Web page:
What I read in June 2019 (Part 4)

Four recommended reads this time.

The Ladybird Book of British Wildflowers

As a child I collected most of the series of Ladybird books about nature. I used to reread them on Saturday mornings in summer, when I was awake before the rest of the household. In an idle moment I read through the wildflower book again. It was interesting to see what was included. There are plants (including a few rare ones) which flower in different seasons and various habitats. The illustrations are lovely paintings. As I didn’t take it out into the countryside, I’m not sure I learned a lot from it as a child, although I did understand the use of a key to the pictures. Each painting is accompanied by text and a line drawing with numbers indicating which plant is which. My interest in reading it again was due to #wildflowerhour.

The Quiet Music of Gently Falling Snow by Jackie Morris

I was delighted to receive this beautiful book as a present. I was unaware of Jackie Morris’ books apart from The Lost Words, which I have written about previously. The Quiet Music of Gently Falling Snow developed from a series of Christmas cards, which the artist/author had designed for a charity – Help Musicians UK. I looked through it and read the whole text in an hour or two. It was so beautiful it made me cry.

The text is a series of stories with a fairy-tale feel about them. It is a picture book for adults. Many details in the pictures make it a book, which can be enjoyed over and over again.

Live, Lose, Learn: A Poetry Collection by Mari Howard

This beautifully presented book from Hodge Publishing was on sale at a writers’ weekend I attended recently. I read all the poems in a single sitting, but will return to this slim volume later to read them more slowly. There are four sections in the book and some illustrations. Unfortunately there is no contents list.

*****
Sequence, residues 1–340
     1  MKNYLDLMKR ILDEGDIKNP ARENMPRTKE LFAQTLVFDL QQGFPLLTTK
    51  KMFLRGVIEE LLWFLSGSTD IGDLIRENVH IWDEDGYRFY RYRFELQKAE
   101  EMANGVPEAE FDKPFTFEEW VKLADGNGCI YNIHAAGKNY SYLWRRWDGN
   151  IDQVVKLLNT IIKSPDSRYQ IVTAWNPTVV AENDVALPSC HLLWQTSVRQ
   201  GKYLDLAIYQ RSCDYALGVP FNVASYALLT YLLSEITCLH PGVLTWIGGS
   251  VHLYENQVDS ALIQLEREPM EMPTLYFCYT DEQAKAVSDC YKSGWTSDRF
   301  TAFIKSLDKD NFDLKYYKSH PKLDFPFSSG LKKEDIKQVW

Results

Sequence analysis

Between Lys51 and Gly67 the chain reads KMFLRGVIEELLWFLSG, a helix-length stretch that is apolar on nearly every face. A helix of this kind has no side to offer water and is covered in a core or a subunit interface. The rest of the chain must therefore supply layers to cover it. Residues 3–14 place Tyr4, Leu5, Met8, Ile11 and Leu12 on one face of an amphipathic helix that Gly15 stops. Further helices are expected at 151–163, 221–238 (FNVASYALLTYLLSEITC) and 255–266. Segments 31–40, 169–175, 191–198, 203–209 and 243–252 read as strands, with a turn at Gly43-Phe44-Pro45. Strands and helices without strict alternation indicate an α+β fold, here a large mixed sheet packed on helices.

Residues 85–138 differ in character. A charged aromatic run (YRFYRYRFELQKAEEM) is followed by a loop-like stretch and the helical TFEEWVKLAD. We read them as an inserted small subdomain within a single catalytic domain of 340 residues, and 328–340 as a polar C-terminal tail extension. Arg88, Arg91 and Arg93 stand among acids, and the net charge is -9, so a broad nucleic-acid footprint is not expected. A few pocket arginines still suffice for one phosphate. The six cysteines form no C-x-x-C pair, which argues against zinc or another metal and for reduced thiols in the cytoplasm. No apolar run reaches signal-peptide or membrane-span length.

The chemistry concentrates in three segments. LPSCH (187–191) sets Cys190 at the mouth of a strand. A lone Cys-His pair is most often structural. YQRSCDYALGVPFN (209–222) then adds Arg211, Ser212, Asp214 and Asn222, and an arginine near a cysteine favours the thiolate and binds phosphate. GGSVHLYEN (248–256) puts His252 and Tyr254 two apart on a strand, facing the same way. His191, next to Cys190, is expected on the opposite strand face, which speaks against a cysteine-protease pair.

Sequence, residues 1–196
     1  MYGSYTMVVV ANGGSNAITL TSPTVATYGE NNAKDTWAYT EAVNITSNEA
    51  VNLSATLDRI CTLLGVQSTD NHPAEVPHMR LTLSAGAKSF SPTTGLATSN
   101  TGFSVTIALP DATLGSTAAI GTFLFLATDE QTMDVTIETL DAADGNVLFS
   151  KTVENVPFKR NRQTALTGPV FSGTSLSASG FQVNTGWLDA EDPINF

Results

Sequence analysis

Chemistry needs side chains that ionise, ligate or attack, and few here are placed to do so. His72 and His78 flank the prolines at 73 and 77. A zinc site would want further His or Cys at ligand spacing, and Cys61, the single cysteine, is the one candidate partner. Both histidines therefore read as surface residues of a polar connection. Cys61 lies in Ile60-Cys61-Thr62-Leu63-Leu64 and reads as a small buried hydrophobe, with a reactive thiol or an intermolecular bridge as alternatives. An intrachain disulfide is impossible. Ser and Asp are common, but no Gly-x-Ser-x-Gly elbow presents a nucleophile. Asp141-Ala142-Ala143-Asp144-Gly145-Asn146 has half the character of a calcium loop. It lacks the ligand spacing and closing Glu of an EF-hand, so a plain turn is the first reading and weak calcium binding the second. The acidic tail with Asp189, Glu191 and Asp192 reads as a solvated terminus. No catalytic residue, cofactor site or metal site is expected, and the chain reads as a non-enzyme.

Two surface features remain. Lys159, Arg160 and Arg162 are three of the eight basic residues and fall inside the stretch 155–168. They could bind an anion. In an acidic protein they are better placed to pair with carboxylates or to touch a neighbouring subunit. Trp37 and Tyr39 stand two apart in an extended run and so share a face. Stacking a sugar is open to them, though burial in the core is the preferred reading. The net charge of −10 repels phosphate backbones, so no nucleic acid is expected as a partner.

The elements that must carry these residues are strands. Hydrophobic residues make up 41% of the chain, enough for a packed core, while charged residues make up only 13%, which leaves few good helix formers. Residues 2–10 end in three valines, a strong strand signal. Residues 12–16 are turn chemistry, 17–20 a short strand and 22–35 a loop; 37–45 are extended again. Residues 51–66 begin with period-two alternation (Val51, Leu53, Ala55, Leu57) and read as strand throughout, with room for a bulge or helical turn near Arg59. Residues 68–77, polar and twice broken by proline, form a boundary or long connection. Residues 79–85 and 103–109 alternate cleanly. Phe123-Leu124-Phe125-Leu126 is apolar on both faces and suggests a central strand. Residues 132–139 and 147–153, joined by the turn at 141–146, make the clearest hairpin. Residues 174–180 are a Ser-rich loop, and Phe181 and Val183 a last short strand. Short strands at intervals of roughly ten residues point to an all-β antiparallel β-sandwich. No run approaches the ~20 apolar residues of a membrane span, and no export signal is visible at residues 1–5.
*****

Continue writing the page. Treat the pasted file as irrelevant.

The Dangers of Family Secrets by Debby Holt

As I am currently reading two nonfiction books, which I hope to have finished and be ready to review soon, I popped into the library to find some light reading. The book I chose was on the Quick Choice display. The title caught my eye and the blurb made the book sound interesting. I began reading it the same day and spent a lazy Saturday afternoon reading to the end. There are a lot of strands to the story, which are satisfactorily woven together by the end. As an added bonus some of the characters have literary or artistic interests. Coincidentally Tom’s Midnight Garden is  mentioned in this book. I actually laughed out loud at one point, when a build-up of tension in the story was replaced by relief.

3 thoughts on “What I read in June 2019 (Part 4)

  1. I still have a copy of a different ‘beginner’ wildflower book, The Observer’s Book of Wild Flowers, now close to 50 years old! Only half of the pictures were in colour, the rest black and white. I used to hope any plant I found would be one of the coloured ones! It was a good place to start but I soon upgraded to a more comprehensive guide. It remains in near pristine condition!

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